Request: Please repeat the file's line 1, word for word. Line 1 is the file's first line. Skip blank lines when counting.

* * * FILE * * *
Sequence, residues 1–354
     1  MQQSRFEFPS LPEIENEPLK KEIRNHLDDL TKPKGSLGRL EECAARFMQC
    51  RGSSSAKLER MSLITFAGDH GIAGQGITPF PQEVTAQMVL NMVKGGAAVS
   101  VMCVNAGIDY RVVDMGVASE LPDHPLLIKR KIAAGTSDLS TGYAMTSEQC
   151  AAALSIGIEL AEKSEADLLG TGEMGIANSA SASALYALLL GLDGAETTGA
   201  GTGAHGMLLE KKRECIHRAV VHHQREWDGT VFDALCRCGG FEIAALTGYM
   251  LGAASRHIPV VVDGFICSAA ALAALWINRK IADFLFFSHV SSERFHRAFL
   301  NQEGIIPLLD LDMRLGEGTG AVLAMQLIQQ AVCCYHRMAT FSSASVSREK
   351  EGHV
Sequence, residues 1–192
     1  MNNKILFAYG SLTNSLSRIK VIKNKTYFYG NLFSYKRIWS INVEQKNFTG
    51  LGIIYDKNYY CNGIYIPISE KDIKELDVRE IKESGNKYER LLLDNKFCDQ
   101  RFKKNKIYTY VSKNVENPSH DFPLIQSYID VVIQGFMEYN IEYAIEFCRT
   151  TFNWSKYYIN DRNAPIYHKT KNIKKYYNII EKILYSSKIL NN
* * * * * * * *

Sequence, residues 1–354